Alemtuzumab (Campath-1H) has been widely used for T-cell depletion following both conventional and reduced-intensity conditioning allografts. We studied the impact of alemtuzumab used in vivo and in vitro on infections, immune reconstitution, and allograft outcome. The use of alemtuzumab in vivo following reduced-intensity conditioning and unrelated donor conventional transplantation was associated with durable engraftment and significant reduction in graft-versus-host disease (GVHD) but at the cost of impaired immune reconstitution and increased infectious complications. Alemtuzumab exposure in vitro was associated with durable engraftment and reduced GVHD following conventional transplants without affecting immune recovery to the same extent. Improved results were obtained following a further reduction in the alemtuzumab dose in vitro from 20 mg to 10 mg. Subsequent pharmacokinetic studies on alemtuzumab demonstrated that the antibody persisted at a higher concentration at the time of transplant and for at least 2 months thereafter when used in vivo compared to persistence for less than 30 days when used at 20 mg in vitro. In this context; an antibody with a shorter half-life, like the original rat CD52 antibody Campath-1G, would be preferable. Otherwise, our cumulative experience with alemtuzumab suggests that better results might be achieved by tailoring the dose and mode of antibody use to match the clinical situation. Further studies are needed to optimize the dose of alemtuzumab in vivo and in vitro, determined by the type of conditioning and the graft.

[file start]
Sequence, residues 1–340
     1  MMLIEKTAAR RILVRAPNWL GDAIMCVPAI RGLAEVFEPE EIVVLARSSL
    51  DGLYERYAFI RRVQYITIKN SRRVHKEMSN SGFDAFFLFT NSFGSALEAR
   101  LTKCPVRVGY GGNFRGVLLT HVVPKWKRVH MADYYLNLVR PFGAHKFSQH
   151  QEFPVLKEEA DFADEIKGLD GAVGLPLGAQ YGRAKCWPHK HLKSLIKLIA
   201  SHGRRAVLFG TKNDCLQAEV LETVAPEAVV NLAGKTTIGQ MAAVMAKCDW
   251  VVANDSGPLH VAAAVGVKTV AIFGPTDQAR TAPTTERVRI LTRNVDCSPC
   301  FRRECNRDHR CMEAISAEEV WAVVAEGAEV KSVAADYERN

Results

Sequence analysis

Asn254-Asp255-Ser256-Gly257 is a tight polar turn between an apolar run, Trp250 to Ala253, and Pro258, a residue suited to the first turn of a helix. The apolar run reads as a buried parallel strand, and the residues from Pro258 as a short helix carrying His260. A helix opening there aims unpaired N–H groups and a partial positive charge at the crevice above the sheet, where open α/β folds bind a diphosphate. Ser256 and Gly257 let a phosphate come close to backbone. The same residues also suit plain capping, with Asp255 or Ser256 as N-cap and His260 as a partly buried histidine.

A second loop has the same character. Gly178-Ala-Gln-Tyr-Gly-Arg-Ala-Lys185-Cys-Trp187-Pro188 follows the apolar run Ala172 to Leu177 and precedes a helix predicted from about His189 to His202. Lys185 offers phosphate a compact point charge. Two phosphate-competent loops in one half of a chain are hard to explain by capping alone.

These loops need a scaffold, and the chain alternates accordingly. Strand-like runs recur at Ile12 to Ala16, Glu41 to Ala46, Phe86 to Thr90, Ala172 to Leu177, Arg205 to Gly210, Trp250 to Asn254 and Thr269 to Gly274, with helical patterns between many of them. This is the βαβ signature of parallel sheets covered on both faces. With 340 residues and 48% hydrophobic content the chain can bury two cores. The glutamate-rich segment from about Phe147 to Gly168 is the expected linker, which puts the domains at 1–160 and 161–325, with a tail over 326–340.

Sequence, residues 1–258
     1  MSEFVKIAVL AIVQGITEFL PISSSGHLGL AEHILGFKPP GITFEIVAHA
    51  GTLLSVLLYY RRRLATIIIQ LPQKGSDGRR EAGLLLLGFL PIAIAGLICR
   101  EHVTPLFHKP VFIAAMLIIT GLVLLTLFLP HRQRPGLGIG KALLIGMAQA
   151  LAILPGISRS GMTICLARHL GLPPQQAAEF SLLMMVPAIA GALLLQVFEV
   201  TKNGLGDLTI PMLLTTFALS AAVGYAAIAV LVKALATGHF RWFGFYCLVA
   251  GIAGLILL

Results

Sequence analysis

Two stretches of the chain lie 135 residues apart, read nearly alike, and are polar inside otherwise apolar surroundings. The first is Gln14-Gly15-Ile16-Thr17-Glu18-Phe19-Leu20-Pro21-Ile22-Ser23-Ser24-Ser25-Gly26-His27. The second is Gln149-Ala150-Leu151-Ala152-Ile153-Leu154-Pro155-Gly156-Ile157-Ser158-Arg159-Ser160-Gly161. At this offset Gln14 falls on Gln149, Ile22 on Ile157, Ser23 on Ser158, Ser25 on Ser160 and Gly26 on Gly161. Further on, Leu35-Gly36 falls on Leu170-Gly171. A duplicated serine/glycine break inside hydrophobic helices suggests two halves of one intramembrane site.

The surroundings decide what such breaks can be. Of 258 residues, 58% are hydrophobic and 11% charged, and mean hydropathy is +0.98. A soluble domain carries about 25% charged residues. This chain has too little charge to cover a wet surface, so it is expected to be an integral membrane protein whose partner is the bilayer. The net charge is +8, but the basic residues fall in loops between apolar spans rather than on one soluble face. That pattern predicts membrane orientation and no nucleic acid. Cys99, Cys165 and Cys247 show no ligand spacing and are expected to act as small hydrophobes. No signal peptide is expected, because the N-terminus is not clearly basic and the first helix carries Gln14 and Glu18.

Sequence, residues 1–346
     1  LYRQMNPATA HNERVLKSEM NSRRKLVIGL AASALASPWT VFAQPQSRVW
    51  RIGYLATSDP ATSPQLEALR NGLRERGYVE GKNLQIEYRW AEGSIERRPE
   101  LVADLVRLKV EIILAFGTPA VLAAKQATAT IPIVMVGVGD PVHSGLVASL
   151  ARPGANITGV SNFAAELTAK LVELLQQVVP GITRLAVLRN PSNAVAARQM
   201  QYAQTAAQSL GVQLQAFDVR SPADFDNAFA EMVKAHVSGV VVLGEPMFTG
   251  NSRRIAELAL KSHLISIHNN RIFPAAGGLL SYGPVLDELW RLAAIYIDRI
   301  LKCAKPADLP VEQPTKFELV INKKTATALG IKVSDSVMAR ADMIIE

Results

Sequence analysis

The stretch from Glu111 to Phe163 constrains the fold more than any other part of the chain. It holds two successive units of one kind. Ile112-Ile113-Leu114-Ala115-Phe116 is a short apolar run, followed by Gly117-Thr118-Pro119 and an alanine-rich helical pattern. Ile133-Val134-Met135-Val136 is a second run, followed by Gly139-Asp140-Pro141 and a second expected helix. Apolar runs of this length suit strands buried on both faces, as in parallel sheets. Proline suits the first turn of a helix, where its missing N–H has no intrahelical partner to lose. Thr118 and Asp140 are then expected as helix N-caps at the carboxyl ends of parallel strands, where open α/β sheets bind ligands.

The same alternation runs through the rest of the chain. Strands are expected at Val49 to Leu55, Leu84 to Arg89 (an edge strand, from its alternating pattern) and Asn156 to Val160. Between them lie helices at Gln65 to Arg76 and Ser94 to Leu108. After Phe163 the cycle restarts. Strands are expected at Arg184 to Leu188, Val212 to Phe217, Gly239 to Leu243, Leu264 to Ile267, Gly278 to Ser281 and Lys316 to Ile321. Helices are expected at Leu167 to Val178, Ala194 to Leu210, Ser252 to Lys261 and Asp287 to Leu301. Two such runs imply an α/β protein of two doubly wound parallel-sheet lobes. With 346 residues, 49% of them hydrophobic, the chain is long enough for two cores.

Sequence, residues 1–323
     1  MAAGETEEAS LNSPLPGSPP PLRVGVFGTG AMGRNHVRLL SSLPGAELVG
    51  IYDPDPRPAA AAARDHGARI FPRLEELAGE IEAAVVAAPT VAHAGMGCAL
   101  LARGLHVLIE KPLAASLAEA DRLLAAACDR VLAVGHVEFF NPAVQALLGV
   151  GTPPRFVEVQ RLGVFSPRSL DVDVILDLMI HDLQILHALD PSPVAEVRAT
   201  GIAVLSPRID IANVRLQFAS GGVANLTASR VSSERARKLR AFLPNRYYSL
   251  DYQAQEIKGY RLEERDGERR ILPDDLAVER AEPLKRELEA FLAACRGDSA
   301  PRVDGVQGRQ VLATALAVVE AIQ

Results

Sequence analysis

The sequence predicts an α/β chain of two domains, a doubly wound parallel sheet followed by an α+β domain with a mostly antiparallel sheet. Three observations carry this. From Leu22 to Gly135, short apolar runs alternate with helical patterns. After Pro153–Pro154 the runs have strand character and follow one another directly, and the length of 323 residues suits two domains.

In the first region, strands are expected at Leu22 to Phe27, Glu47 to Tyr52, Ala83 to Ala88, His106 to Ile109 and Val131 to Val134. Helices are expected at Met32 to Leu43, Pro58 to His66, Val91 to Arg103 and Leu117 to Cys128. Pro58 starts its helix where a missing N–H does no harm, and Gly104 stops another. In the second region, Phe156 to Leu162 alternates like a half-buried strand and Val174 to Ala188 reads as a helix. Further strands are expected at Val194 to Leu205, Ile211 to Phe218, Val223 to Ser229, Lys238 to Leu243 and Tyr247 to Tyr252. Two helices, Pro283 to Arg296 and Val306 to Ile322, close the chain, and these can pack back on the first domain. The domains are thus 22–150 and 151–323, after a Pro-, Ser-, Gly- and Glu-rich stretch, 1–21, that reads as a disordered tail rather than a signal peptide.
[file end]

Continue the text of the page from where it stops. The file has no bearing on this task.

This paragraph heading says it all. If we can control GVHD without interfering with the ability of the donor T-cells in fighting infections and remaining CLL cells, we would be well on our way to making mini-donor stem cell transplants (also called mini allo transplants) a whole lot safer. A recent article gives a very nice overview of the situation, and suggests some things than can be done along these lines. The authors point to an important hint in understanding GVHD – the organs targeted by GVHD in the majority of cases are all primary or secondary barriers between your body and the hordes of killer pathogens out there.
It is easy to see how your skin and nose, lungs and airways are important in keeping out the bugs, but the mucosal lining of your mouth, stomach, the whole GI tract are equally important. We harbor an incredible variety of harmful ‘bugs’ in our GI tract, and the mucosal lining is what keeps them out, making sure they do not get into your general blood circulation. Equally important, much of the food we eat has pathogens and antigens galore. Your GI tract is a miracle of engineering, allowing the nutrients from the food you eat to pass through unrestricted, but keeping out the bad stuff.
We are all quite familiar with what happens when the mucosal barrier of the GI tract is breached. Among the things that cause breakdown of the mucosal barrier are chemotherapy drugs, antibiotics, autoimmune diseases such as ulcerative colitis, Crohn’s disease, viral infections that cause oral sores, poor dental hygiene or over aggressive brushing leading to bleeding gums, dental procedures, anything that causes a break in the mucosal barrier between your insides and the dangerous world of bugs on the outside. Diarrhea, nausea, cramps and aches, fever are all familiar signs of GI tract distress.